IN RE: the INVOLUNTARY COMMITMENT OF A.M.

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Court of Appeals of Indiana.

IN RE: the INVOLUNTARY COMMITMENT OF A.M.

No. 82A01–1101–MH–29.

Decided: October 12, 2011

John Andrew Goodridge, Evansville, IN, Attorney for Appellant. Gregory F. Zoeller, Attorney General of Indiana, Stephanie Rothenberg, Deputy Attorney General, Indianapolis, IN, Attorneys for Appellee.

OPINION

Case Summary

A.M. appeals from the trial court's order involuntarily committing her to a mental health facility. She raises one issue for our review: whether sufficient evidence supports the involuntary commitment order. Finding sufficient evidence in the record, we affirm.

Facts and Procedural History

On September 23, 2010, A.M. was involved in an incident at a restaurant where she was talking to several staff members and patrons, causing a disturbance, and generally exhibiting behaviors consistent with mania. Local authorities were called, and A.M. was detained on an emergency basis at Deaconess Hospital. Shortly after her admission, Dr. James Given, M.D., a psychologist at Deaconess Hospital, evaluated A.M. and concluded that she has bipolar disorder and is gravely disabled. On October 1, 2010, the trial court held a hearing on the emergency detention and approved Dr. Given's petition for a temporary commitment of A.M., which he filed the same day.

On December 6, 2010, Dr. Given filed a Report Requesting a Regular Commitment of A.M. and the trial court held a hearing on December 22, 2010. At that hearing, Dr. Given testified that his current clinical diagnosis of A.M.'s condition remained one of bipolar disorder, and he reiterated his opinion that A.M. was gravely disabled. Dr. Given stated that A.M. had trouble sleeping and that her mood and affect were labile. A.M. had also exhibited agitation and continued delusional thoughts, such as having an inheritance or being a police officer. The hospital staff could not dissuade her from her delusional thoughts, and they had not improved since admission.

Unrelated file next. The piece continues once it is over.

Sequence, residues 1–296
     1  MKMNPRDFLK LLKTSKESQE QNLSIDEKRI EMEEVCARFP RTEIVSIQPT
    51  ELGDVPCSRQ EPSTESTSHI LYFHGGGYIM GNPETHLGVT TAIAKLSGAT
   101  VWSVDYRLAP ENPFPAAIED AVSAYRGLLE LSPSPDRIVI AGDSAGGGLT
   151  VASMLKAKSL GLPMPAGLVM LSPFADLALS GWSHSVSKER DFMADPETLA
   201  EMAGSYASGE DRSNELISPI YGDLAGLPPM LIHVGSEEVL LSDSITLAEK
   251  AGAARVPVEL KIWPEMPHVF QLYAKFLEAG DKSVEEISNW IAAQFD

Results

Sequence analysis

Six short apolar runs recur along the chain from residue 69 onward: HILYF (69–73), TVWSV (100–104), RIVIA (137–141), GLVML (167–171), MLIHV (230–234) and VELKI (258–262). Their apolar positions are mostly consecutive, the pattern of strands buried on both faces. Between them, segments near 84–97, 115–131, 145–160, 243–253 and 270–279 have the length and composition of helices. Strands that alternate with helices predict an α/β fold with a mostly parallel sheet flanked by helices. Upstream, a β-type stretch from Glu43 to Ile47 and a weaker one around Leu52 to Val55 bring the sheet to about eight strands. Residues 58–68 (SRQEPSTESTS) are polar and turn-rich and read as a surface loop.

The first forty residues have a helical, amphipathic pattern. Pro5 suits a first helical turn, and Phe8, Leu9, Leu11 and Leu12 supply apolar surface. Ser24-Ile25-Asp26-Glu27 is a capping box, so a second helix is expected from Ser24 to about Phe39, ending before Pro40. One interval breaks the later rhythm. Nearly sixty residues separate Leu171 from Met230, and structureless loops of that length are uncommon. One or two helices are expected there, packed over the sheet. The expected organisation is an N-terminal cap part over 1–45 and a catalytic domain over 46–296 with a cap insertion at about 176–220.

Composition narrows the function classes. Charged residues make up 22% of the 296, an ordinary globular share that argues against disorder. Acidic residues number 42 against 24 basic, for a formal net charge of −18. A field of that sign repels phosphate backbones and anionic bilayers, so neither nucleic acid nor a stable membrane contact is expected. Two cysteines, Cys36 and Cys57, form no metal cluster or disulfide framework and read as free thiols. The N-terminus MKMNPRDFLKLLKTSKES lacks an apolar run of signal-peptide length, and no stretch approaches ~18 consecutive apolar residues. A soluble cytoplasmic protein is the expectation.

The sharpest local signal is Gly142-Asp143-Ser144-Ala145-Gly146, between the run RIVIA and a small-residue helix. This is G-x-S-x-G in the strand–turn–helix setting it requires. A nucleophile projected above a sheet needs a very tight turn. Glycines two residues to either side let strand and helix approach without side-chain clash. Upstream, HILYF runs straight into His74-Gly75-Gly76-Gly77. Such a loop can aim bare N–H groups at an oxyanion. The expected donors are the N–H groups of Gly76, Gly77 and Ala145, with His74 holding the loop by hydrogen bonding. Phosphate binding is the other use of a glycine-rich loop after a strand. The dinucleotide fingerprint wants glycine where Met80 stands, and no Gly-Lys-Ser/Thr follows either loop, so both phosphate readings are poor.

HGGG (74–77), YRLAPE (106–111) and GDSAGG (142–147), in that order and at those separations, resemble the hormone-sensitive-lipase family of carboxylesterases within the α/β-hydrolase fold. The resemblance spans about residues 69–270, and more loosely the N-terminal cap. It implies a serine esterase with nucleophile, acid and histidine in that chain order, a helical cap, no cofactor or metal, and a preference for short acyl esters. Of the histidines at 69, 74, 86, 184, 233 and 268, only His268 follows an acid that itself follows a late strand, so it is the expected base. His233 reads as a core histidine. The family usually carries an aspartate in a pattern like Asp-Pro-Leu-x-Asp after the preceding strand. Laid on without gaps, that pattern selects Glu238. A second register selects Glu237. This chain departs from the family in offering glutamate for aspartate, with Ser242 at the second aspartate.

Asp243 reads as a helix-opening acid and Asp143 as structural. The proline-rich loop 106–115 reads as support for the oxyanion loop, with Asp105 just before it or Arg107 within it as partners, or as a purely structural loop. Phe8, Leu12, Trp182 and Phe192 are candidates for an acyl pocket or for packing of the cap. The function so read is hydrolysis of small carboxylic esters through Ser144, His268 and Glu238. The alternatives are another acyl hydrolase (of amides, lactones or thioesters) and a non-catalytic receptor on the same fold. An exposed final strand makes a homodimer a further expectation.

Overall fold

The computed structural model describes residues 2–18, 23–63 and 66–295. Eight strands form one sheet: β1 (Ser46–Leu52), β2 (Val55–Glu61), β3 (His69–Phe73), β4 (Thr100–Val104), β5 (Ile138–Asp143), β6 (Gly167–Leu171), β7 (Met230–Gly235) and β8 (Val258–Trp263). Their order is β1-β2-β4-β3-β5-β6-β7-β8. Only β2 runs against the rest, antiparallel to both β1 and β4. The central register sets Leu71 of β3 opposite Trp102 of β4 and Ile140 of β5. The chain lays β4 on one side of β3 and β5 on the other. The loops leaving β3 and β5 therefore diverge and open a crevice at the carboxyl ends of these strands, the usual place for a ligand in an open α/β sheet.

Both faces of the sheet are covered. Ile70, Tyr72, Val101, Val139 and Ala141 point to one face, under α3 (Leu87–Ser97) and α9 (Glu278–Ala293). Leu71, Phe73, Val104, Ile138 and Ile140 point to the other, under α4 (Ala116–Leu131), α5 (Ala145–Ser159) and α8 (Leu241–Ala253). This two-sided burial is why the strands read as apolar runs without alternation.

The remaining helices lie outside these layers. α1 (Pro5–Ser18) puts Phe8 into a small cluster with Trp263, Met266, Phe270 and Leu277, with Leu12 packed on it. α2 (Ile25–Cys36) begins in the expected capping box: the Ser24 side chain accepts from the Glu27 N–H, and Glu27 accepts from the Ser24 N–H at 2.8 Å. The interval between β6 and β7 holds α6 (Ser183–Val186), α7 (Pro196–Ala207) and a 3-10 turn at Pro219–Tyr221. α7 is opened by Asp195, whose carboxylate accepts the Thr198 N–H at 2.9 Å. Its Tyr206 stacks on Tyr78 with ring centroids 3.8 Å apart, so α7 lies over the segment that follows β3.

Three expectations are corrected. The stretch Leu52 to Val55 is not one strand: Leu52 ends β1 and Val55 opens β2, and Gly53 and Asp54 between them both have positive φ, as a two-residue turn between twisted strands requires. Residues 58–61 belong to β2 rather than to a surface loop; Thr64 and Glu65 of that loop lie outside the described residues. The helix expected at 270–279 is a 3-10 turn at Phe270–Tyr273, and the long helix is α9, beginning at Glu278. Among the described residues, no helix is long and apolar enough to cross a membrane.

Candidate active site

According to Dr. Given, A.M.'s delusional thoughts also affected her judgment, which he described as “poor.” Tr. 25. A.M. did not believe that she had bipolar disorder, and her insight into her condition was “nil.” Tr. 25. Because she did not think that she had bipolar disorder, A.M. had a history of non-compliance with her medication regimen and, as of the hearing, had only recently begun to take her medication regularly, which Dr. Given suspected she did to appease the staff so that she could leave the hospital. Dr. Given added that “if she has a mind to, she will quickly refuse these medications.” Tr. 19. He also stated that A.M.'s condition was stable with her medication, but without it, her diagnosis “would be very poor,” she would experience continued problems, and any potential recovery would be delayed. Tr. 12.